[July 16, 2010]
Robert F. Furchgott Society at SUNY Downstate Medical Center Announces New Leadership:
Dr. Henri Tiedge and Dr. Daniel Rosenbaum Named to Top Positions
Two leading faculty researchers at SUNY Downstate Medical Center have been appointed to head the Robert F. Furchgott Society. Henri Tiedge, PhD, professor of physiology and pharmacology and of neurology, and Daniel Rosenbaum, MD, professor and chair of neurology, have been named president and vice-president, respectively.
Drs. Tiedge and Rosenbaum are two of the most widely respected researchers in their fields. They take the helm of a membership organization dedicated to promoting research excellence and advancing the careers of young scientists.
Dr. Tiedge is a National Institutes of Health (NIH)-funded investigator known for his research on the mechanisms of neuronal gene expression, RNA transport, and RNA control of neuronal function. He is a reviewer for several scientific journals and has served on review committees of various funding organizations, including the NIH and Department of Defense.
Dr. Rosenbaum is cited by his peers as one of the “Best Doctors in New York” and “Best Doctors in America.” His clinical and basic research focuses on neurological disorders and stroke and he has been continuously funded by the NIH for more than 20 years. Dr. Rosenbaum has served on NIH review committees and has published more than 90 articles in all of the top-tier journals.
The Robert F. Furchgott Society provides support to postdoctoral basic researchers, clinical fellows, residents, graduate students, and medical undergraduates; underwrites the cost of presentations at professional conferences; and sponsors an annual visiting professorship and lecture series.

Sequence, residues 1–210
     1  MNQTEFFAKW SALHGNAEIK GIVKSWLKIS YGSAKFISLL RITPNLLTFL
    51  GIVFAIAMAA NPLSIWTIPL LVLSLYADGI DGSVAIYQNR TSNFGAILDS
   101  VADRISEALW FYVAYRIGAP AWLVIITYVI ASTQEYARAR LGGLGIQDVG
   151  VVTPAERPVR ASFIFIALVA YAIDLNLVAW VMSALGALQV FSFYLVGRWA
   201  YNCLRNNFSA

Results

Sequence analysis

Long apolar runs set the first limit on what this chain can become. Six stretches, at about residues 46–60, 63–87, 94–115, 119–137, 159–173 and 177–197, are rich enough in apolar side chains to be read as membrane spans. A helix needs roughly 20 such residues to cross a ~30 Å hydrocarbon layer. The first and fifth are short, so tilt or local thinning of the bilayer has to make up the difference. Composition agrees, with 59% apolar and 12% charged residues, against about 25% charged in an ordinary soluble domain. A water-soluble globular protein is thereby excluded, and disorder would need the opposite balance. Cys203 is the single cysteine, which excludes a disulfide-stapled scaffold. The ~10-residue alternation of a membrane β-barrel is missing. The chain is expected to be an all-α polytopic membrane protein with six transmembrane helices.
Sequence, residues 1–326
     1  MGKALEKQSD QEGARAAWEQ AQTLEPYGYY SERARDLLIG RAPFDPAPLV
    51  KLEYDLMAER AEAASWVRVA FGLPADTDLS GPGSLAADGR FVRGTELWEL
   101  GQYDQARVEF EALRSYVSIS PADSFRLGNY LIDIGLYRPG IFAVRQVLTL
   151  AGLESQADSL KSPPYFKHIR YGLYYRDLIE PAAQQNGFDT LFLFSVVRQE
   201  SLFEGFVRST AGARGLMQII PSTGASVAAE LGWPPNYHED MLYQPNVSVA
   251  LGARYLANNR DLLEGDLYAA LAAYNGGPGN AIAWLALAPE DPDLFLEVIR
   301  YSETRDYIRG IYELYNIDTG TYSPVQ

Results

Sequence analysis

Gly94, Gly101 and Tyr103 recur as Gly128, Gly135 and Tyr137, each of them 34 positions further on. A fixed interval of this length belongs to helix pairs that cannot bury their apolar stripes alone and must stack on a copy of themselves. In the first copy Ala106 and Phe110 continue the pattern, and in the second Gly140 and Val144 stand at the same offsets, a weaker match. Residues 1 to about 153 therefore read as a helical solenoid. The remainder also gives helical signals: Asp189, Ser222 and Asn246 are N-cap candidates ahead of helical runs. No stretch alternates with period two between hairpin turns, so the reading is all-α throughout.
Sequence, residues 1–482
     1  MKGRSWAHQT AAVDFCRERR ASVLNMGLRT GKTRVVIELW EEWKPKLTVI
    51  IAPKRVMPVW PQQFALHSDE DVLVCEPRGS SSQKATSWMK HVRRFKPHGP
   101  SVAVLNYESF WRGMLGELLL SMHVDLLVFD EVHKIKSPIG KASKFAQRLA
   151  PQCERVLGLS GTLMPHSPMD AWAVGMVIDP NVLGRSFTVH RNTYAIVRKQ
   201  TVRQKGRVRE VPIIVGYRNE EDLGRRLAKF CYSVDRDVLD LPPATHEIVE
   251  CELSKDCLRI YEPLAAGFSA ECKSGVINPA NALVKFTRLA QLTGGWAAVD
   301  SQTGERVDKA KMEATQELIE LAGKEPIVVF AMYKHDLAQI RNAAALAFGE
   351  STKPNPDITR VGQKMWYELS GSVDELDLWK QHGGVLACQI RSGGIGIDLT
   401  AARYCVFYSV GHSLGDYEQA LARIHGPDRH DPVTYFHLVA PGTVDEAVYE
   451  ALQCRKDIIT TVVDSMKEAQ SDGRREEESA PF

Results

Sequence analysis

The Society was established in 2005 as a tribute to the achievements of the late Dr. Furchgott, former chairman and professor emeritus of pharmacology and winner of the 1998 Nobel Prize in physiology or medicine. Dr. Furchgott's discoveries have helped scientists understand and find new treatments for cardiovascular diseases and a host of other conditions, ranging from immune disorders to memory loss, pulmonary disease, and erectile dysfunction. The entire course of his prize-winning research was performed in his laboratory at SUNY Downstate.
SUNY Downstate Medical Center, founded in 1860, was the first medical school in the United States to bring teaching out of the lecture hall and to the patient’s bedside. A center of innovation and excellence in research and clinical service delivery, SUNY Downstate Medical Center comprises a College of Medicine, Colleges of Nursing and Health Related Professions, a School of Graduate Studies, a School of Public Health, University Hospital of Brooklyn, and an Advanced Biotechnology Park and Biotechnology Incubator.
SUNY Downstate ranks eighth nationally in the number of alumni who are on the faculty of American medical schools. More physicians practicing in New York City have graduated from SUNY Downstate than from any other medical school.